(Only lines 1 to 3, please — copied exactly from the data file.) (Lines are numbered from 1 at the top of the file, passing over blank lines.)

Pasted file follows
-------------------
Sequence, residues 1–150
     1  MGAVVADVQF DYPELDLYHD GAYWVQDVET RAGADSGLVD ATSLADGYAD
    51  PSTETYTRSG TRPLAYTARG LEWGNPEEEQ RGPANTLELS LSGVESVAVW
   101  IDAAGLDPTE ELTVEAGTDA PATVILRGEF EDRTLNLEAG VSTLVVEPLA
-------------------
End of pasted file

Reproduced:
Sequence, residues 1–150
     1  MGAVVADVQF DYPELDLYHD GAYWVQDVET RAGADSGLVD ATSLADGYAD
    51  PSTETYTRSG TRPLAYTARG LEWGNPEEEQ RGPANTLELS LSGVESVAVW